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Starry Nights and Satellites


18 July 2002
Budding astronomers and satellite enthusiasts will be enthralled by the latest advances in knowledge and technology, when they're demonstrated at Southern Cross University's Open Day at the Lismore campus on Saturday, 10 August.

Dr Sumith Pathirana, a Senior Lecturer in Geographical Information Systems and Remote Sensing in the University's  School of Environmental Science and Management, will be demonstrating recent developments in satellite information technology, focusing on the NSW North Coast.

Using recent satellite images of the region, Dr Pathirana will show how these new spatial information technologies are being used in managing our environment.

"Recent advancements in remote sensing of the earth surface from satellites, which are orbiting more than 790 kms above the earth surface, has opened a new era in assessing the status of our fragile environments," Dr Pathirana said.

"The changes we make to forest areas, wetlands, agricultural lands, coral reefs and other marine communities are clearly evident from new satellite images. The information derived from satellite images can be used in producing a resource inventory, monitoring resources, measuring temperature and soil moisture, and producing land cover and land use maps.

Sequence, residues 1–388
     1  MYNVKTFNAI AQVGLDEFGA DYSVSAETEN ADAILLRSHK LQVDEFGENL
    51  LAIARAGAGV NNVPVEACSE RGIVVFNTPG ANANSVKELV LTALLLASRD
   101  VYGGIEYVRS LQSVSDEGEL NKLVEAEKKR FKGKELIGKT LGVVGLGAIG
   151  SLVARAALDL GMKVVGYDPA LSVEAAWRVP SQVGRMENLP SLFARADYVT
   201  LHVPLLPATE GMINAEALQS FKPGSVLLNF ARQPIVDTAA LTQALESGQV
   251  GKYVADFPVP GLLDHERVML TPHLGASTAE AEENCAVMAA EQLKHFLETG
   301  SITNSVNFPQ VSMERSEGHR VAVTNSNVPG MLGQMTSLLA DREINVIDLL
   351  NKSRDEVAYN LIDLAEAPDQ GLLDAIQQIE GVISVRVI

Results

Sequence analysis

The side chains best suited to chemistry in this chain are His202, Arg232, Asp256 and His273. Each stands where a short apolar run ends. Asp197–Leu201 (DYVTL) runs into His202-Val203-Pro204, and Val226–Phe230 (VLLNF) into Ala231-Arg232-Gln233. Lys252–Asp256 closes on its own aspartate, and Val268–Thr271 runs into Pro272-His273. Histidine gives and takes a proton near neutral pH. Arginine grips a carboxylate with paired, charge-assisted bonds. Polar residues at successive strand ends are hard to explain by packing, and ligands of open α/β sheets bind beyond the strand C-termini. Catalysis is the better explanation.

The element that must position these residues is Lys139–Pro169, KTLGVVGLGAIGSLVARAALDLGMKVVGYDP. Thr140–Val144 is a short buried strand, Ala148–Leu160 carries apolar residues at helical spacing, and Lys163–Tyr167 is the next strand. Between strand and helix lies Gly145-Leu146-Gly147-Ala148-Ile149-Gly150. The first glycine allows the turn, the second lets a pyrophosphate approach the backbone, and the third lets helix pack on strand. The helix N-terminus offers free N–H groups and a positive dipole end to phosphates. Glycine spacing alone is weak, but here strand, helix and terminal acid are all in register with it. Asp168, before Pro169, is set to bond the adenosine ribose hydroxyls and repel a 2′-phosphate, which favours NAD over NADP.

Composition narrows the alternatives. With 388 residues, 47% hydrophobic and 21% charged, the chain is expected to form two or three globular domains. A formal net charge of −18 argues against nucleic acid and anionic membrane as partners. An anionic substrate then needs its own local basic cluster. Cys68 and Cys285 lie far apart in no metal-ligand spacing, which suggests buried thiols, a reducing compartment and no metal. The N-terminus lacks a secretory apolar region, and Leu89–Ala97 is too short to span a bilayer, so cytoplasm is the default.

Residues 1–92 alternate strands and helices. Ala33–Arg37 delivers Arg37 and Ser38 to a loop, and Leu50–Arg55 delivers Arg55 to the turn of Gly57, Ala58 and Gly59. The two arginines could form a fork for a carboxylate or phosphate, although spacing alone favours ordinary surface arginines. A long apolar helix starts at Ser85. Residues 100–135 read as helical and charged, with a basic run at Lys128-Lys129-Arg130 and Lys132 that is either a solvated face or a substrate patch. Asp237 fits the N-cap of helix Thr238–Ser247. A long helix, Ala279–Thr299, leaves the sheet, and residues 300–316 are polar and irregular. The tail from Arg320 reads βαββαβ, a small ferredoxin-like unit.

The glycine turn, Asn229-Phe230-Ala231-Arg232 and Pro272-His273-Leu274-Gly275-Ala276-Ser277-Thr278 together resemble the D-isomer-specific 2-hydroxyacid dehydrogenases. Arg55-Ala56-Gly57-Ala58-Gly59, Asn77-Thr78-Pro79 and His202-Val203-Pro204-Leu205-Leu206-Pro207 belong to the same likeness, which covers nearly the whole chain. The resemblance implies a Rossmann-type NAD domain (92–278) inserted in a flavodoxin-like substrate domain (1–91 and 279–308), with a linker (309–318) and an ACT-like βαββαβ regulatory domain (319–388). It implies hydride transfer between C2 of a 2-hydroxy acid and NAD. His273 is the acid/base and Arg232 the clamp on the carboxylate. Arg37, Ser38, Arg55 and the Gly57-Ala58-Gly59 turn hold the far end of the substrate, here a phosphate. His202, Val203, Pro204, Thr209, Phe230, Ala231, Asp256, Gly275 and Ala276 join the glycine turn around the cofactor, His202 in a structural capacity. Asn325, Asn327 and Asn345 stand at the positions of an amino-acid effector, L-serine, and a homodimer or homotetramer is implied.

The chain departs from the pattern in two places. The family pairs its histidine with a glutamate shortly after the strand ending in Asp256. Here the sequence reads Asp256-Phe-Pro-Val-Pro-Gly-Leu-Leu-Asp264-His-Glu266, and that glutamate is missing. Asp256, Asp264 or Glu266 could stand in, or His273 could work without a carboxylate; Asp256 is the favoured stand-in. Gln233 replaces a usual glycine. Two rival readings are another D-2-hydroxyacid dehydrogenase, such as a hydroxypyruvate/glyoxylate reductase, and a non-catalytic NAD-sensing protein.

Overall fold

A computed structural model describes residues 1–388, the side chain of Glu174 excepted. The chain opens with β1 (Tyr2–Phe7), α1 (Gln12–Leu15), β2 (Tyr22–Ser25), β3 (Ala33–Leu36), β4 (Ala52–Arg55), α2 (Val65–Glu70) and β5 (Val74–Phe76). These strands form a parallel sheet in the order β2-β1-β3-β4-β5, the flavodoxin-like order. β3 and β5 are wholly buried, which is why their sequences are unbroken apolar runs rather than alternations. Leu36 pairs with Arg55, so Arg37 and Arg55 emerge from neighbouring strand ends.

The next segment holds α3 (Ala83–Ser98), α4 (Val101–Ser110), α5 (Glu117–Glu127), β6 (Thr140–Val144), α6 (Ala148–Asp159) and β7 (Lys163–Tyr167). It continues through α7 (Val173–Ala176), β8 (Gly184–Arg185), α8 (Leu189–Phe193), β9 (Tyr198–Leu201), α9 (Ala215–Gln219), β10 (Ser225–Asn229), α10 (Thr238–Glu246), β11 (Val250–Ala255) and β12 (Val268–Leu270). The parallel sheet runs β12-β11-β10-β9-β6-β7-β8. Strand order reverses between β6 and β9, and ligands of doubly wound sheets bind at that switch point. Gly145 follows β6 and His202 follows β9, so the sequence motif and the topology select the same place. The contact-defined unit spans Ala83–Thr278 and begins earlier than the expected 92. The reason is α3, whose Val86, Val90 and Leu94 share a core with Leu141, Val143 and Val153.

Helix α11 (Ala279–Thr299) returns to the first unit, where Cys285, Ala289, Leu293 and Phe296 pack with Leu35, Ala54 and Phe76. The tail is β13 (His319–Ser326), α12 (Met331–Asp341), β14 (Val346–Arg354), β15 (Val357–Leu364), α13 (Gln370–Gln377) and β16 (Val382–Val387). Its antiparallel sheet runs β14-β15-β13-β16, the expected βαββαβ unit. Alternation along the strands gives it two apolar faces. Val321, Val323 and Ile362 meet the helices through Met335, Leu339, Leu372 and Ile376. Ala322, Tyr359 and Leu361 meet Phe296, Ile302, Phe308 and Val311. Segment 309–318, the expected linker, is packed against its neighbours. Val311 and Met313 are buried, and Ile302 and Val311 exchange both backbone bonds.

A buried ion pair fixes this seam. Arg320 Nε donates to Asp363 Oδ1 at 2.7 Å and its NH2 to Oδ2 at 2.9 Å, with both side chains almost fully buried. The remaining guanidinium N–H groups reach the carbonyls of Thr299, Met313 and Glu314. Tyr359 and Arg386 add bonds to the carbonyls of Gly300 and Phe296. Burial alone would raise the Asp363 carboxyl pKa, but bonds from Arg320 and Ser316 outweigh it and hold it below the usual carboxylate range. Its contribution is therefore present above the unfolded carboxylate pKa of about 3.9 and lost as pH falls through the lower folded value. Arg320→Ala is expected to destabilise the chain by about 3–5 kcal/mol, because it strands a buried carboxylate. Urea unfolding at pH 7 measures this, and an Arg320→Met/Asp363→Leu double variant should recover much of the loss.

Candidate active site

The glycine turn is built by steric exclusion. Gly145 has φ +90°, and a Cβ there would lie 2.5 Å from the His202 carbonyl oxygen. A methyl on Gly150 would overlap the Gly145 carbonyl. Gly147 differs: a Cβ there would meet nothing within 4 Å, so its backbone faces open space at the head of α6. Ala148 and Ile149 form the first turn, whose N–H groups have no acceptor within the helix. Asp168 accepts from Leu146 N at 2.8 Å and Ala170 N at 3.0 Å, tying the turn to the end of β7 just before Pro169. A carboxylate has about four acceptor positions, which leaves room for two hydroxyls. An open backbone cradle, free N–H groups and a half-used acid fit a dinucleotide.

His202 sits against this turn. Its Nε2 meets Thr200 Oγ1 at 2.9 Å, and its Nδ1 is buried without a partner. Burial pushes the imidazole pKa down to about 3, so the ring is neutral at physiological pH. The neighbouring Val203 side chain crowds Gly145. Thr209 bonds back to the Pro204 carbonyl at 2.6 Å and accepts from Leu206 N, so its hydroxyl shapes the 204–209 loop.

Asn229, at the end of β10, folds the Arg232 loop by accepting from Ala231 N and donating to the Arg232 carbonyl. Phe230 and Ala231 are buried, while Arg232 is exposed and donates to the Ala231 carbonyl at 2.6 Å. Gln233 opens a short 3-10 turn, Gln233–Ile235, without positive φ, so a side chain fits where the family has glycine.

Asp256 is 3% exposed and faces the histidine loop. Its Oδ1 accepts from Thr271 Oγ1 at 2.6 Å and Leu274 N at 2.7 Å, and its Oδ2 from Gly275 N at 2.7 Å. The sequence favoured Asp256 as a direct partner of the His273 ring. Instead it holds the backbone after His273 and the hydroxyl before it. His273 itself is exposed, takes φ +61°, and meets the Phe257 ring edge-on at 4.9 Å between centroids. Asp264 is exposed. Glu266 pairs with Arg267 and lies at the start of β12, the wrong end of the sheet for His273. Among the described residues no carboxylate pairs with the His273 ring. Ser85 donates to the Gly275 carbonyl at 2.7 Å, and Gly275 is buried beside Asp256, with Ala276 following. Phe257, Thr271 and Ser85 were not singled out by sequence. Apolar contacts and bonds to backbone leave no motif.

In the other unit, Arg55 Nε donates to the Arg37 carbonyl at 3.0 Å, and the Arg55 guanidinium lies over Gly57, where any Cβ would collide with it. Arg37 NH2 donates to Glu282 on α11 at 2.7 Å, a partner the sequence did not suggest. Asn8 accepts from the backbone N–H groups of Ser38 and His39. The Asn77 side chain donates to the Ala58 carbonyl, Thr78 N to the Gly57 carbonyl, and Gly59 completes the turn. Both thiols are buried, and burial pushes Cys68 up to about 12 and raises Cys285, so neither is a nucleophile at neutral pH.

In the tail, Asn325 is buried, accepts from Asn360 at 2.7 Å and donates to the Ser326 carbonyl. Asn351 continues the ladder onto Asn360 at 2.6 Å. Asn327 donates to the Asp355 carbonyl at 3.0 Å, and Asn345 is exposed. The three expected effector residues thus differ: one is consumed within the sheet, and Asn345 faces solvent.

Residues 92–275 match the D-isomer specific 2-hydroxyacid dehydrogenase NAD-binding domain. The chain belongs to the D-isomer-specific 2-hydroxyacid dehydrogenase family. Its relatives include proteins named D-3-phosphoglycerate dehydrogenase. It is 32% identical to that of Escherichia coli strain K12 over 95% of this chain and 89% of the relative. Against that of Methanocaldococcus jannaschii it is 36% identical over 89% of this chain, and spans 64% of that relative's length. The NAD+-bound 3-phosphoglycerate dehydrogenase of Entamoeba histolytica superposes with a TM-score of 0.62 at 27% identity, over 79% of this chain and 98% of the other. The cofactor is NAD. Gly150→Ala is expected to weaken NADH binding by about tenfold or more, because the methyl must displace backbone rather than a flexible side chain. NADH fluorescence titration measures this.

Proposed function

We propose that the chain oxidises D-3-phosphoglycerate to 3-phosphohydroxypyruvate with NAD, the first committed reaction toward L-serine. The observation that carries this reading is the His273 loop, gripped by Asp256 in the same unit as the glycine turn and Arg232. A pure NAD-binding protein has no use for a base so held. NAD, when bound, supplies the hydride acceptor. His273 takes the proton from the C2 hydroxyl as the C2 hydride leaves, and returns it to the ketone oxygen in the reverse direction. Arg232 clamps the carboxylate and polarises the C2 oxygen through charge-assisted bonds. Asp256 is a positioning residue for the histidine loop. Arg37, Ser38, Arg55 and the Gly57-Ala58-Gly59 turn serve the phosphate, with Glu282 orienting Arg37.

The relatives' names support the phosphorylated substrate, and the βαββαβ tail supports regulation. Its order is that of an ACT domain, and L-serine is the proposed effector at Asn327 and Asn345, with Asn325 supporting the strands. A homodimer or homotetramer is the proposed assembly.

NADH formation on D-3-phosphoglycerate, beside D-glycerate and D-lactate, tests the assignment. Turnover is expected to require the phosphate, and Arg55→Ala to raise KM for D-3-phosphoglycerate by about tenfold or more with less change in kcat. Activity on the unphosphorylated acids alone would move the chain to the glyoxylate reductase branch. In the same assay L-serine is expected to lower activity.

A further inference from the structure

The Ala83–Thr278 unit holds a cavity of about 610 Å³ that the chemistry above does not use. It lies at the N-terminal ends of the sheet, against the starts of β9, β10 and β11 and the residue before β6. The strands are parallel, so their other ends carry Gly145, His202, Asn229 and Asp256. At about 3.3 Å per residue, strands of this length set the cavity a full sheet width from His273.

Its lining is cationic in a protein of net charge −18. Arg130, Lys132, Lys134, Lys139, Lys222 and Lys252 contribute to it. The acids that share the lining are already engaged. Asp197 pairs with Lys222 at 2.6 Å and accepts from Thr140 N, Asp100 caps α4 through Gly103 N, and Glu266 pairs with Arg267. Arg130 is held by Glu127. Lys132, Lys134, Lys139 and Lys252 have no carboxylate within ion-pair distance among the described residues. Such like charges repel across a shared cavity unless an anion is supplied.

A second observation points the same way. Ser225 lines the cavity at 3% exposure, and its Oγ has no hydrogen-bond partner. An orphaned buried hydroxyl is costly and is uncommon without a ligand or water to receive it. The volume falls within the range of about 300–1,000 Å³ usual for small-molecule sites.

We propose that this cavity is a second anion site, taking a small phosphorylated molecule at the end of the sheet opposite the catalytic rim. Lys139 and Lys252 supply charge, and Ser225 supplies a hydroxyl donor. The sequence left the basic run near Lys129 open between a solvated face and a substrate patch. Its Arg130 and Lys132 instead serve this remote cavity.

"This information is extremely useful for the management of our environment. For instance, combined with geographic information systems, maps produced using satellite data are now being used for mapping areas vulnerable to fire hazards, and can assist fire fighting teams to respond faster and more efficiently.

Dr Pathirana will also present, at the Open Day, an introduction to astronomy through examination of the skies above the NSW North Coast.

"With the development of space technology and the launch of space-based telescopes such as Hubble and Chandra, we are now uncovering some of the secrets of deep space objects, and we'll be able to show local people what our sky currently looks like," he said.

The presentation will include an examination of the solar system, movements of planets around the sun, planets and constellations, as well as some of deep space objects such as galaxies and nebulas which are currently visible to north coast star gazers.

Dr Pathirana has extensive overseas experience in developing catchment data bases using geographical information systems (GIS) and remote sensing, mapping salt affected rice fields, earthquake hazard risk mapping, and assessing the human impact and natural hazard on coastal environments.

He recently produced an extensive report for the United Nations Environment Program (UNEP) on the global coastal vulnerability of 118 countries, and provided an index of areas of vulnerability.

The vulnerability of human populations living in coastal areas, due to the changes in coastal landscape and natural hazards, were examined and ranked according to their exposure and capacity to respond, should a natural disaster occur.